Wednesday, July 27, 2016


Don't surrender your loneliness so quickly.
Let it cut more deep.

Let it ferment and season you
As few human or even divine ingredients can.


Tuesday, July 26, 2016

Tattered Kaddish

"Kaddish is a prayer found in the Jewish prayer service. The central theme of the Kaddish is the magnification and sanctification of God's name.The term "Kaddish" is often used to refer specifically to "The Mourners' Kaddish", said as part of the mourning rituals in Judaism in all prayer services as well as at funerals and memorials. When mention is made of "saying Kaddish", this unambiguously denotes the rituals of mourning."

Tattered Kaddish
Adrienne Rich

Taurean reaper of the wild apple field
messenger from earthmire gleaning
transcripts of fog
in the nineteenth year and the eleventh month
speak your tattered Kaddish for all suicides:

Praise to life though it crumbled in like a tunnel
on ones we knew and loved

Praise to life though its windows blew shut
on the breathing-room of ones we knew and loved

Praise to life though ones we knew and loved
loved it badly, too well, and not enough

Praise to life though it tightened like a knot
on the hearts of ones we thought we knew loved us

Praise to life giving room and reason
to ones we knew and loved who felt unpraisable

Praise to them, how they loved it, when they could.

Monday, June 20, 2016

To take what is given



"What do I know?

But this: it is heaven itself to take what is given,
to see what is plain; what the sun lights up willingly;
for example – I think this
as I reach down, not to pick but merely to touch –

the suitability of the field for the daisies, and the
daisies for the field.”

Mary Oliver

From here.


No, my friends
darkness is not everywhere
for here and there
I find faces illuminated
from within.

Japanese lanterns
among dark trees.

Carol Ann Borges

The Effort to Return


"That we go numb along the way is to be expected. Even the bravest among us, who give their lives to care for others, go numb with fatigue, when the heart can take in no more, when we need time to digest all we meet. Overloaded and overwhelmed, we start to pull back from the world, so we can internalize what the world keeps giving us.

Perhaps the noblest private act is the unheralded effort to return: to open our hearts once they’ve closed, to open our souls once they’ve shied away, to soften our minds once they’ve been hardened by the storms of our day."

 Mark Nepo, "Hearing the Cries of the World"

Sunday, June 12, 2016


We suffer, often unknowingly, from wanting to be in two places at once, from wanting to experience more than one person can. This is a form of greed, of wanting everything. Feeling like we're missing something or that we're being left out, we want it all. But being human, we can't have it all. The tension of all this can lead to an insatiable search, where our passion for life is stirred, but never satisfied.

When caught in this mindset, no amount of travel is enough, no amount of love is enough, no amount of success is enough...

The truth is that one experience taken to heart will satisfy our hunger. "

Mark Nepo

100 Butterflies (excerpt)

Where you are going
and the place you stay
come to the same thing.

What you long for
and what you've left behind
are as useless as your name.

Just one time, walk out
into the field and look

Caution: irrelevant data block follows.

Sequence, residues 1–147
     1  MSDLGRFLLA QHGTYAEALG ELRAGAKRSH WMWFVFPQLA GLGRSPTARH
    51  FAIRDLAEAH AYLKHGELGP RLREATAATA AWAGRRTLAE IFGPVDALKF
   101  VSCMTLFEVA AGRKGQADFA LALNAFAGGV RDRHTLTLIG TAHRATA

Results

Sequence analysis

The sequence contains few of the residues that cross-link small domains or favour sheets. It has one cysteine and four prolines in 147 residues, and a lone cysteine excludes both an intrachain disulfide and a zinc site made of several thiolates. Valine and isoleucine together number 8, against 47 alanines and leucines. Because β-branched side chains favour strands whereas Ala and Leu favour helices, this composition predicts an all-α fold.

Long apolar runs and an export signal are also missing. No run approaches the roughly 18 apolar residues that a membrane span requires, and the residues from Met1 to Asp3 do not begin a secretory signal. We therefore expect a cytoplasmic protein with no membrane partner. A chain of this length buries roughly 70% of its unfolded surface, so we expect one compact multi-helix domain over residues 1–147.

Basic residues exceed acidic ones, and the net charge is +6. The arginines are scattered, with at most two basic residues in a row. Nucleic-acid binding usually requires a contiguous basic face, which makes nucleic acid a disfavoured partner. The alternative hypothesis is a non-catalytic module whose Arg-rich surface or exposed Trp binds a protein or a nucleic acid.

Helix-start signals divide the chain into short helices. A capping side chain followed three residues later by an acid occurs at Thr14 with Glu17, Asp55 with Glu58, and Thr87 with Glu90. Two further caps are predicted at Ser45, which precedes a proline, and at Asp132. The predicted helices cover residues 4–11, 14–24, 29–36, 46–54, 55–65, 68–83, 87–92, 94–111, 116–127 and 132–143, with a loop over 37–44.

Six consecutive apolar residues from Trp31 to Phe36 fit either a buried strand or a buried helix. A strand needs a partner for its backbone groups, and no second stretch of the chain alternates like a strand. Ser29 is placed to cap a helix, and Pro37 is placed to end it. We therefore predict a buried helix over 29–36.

at that towering oak --
an acorn still beating at its heart.

Peter Levitt

A Real Measure of Peace

"On yet another level, silence means listening. We follow the Rule of St. Benedict and the first word of that Rule is "Listen." That's the great ethical element of silence: to check my words and listen to another point of view. I'll never have any real peace should my sense of well-being depend on soundless peace.

When I can learn the patience of receiving, in an un-threatened way, what I'd rather not hear, then I can have a real measure of peace in any situation."

How Silence Works: Emailed Conversations With Four Trappist Monks
Jeremy Mesiano-Crookston

Cancer, our Doppelgänger

After 3 occurrences of cancer within the family (2 dead, one will go any day now) I finally bought this book I have been meaning to read since years. Brilliantly written, very easy reading for the layman. And a great reminder that any day you wake up and are still alive and well, and no one in your family is dying, you must remember to be happy and cheerful.

"...This image - of cancer as our desperate, malevolent, contemporary doppelgänger - is so haunting because it is at least partly true. A cancer cell is an astonishing perversion of the normal cell. Cancer is a phenomenally successful invader and colonizer in part because it exploits the very features that make us successful as a species and as an organism. [AM: cell division, cloning, survival of the fittest, growth via evolution]

...When a chemotherapeutic drug or the immune system attacks cancer, mutant clones that can resist the attack grow out. The fittest cancer cell survives. This mirthless, relentless cycle of mutation, selection, and overgrowth generates cells that are more and more adapted to survival and growth. In some cases, the mutations speed up the acquisition of other mutations. The genetic instability, like a perfect madness, only provides more impetus to generate mutant clones.

Cancer thus exploits the fundamental logic of evolution unlike any other illness. If we, as a species, are the ultimate product of Darwinian selection, then so too is this incredible disease that lurks inside us."

Page 38, 'The Emperor of Maladies, A Biography of Cancer', Siddhartha Mukherjee
Winner of the Pulitzer Prize for Non-Fiction 2011
Winner of the Guardian First Book Award 2011

Ukemi, the Art of Falling

"Ukemi is a Japanese word used in Judo for the method of falling without getting injured.